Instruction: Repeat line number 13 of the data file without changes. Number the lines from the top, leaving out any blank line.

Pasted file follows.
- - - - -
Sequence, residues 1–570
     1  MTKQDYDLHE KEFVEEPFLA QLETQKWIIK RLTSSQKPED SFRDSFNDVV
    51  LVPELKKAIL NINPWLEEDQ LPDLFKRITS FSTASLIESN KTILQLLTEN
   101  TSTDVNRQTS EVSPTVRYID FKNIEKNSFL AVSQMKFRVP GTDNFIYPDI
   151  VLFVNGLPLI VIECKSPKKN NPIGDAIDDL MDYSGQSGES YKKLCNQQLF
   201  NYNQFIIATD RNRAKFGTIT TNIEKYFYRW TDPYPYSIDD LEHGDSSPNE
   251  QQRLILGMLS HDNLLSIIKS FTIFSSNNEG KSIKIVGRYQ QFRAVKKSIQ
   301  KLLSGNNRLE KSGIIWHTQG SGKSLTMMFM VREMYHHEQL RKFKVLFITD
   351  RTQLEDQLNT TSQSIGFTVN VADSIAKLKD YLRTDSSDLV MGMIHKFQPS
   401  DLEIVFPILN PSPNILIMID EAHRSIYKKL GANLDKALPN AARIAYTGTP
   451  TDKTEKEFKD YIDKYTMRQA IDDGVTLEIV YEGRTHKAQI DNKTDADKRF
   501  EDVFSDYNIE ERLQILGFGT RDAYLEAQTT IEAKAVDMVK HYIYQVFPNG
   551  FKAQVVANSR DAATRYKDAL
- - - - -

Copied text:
   551  FKAQVVANSR DAATRYKDAL